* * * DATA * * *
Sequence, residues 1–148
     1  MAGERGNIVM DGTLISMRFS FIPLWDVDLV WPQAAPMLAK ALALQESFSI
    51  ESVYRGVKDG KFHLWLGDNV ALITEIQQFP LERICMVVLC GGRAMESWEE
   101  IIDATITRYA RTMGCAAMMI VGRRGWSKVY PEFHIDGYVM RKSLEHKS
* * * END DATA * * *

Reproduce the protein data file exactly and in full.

Sequence, residues 1–148
     1  MAGERGNIVM DGTLISMRFS FIPLWDVDLV WPQAAPMLAK ALALQESFSI
    51  ESVYRGVKDG KFHLWLGDNV ALITEIQQFP LERICMVVLC GGRAMESWEE
   101  IIDATITRYA RTMGCAAMMI VGRRGWSKVY PEFHIDGYVM RKSLEHKS